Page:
Africa plays host to the majority of the world's diamonds. Many of these diamonds are extracted from the country of Sierra Leone by warlords, and then become conflict diamonds. Conflict diamonds are diamonds that have been mined in a war zone, and that are sold to support insurgency, warlord interests, and invasion war efforts. The word conflict or "blood" diamond is mainly used when referring to the diamond trade because of the negative meaning that it brings, and for the effects it causes on the sale. .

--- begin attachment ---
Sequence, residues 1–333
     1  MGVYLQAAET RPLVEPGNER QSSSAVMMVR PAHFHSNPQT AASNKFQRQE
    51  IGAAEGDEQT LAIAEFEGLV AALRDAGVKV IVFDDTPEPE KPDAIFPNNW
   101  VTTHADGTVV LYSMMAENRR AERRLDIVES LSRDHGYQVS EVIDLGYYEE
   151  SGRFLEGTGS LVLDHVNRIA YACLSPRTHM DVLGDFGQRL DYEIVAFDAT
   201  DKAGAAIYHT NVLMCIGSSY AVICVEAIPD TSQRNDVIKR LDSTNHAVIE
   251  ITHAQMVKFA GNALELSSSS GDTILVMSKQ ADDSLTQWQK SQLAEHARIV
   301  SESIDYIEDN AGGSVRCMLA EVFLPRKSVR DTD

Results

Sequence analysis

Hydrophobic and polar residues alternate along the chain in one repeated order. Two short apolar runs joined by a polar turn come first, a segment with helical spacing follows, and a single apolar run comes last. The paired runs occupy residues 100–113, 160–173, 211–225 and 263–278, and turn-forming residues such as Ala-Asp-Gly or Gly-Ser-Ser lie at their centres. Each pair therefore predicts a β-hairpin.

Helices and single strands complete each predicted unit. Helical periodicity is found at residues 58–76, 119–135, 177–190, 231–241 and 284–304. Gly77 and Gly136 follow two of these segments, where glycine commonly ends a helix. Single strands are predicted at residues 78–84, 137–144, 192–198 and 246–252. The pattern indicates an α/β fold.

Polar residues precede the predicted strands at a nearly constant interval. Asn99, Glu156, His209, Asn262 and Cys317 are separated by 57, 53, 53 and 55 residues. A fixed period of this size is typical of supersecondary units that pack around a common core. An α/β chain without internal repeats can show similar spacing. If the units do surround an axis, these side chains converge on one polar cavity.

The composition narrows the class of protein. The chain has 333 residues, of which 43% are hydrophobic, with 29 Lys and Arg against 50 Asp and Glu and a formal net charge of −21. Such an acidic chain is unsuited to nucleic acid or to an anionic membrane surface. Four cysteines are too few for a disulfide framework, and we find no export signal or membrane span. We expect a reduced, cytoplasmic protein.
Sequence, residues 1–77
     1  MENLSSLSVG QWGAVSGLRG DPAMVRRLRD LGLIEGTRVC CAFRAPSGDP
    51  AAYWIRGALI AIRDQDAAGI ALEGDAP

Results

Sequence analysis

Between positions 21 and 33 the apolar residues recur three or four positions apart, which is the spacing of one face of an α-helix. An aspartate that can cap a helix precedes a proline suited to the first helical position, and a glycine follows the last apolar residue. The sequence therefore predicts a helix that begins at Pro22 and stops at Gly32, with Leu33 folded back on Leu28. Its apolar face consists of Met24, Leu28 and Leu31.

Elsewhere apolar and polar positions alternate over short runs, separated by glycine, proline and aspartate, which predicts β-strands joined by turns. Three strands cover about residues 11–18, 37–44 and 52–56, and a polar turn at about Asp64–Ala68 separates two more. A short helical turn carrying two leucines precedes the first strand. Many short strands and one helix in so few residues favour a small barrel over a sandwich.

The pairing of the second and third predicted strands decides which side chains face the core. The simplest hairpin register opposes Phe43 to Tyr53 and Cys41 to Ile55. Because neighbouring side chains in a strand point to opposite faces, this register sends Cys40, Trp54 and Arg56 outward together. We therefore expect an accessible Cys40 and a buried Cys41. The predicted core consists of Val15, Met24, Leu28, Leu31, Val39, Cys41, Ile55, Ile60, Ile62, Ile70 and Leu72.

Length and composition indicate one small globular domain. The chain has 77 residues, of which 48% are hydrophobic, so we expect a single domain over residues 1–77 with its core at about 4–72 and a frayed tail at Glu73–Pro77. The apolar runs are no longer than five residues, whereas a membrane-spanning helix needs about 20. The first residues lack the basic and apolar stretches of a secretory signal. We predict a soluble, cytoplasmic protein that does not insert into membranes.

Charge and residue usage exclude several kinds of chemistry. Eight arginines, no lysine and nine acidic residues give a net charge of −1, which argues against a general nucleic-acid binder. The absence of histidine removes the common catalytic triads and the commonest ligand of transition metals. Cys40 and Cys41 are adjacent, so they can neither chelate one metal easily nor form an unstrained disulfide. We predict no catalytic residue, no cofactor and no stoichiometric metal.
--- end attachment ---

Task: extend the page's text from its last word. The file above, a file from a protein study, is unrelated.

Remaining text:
The violent conflict in Sierra Leone began with the discovery of diamonds in the country's eastern and southern districts. The Revolutionary United Front (RUF) intervened in the attempted overthrow of Sierra Leone's government, and took control of the areas that are rich in diamonds (Gberie, 2005). This coup led to civil war within the country. The Revolutionary United Front moved through the country destroying villages and towns, and forced many of the locals to mine for diamonds. These diamonds were then used to finance the war, because they could be traded for weapons, or for money to then purchase weapons and pay soldiers. Resisting the Revolutionary United Front was punishable by death. The Partnership Africa Canada performed a study on the number of casualties conflict diamonds have caused and concluded that an, "upwards of 50,000 [have been] killed, half the population displaced, and more than two-thirds of its already severely limited infrastructure destroyed" (Pervenia, 2005). The county's best method to putting a stop on the Revolutionary United Front's exportation of conflict diamonds was by the Sierra Leone Army's (SLA) ability to intercept foreign nationals smuggling them out of the country. The Sierra Leone Army was at first successful in holding back the Revolutionary United Front rebels, but eventually they recuperated and the fighting resumed.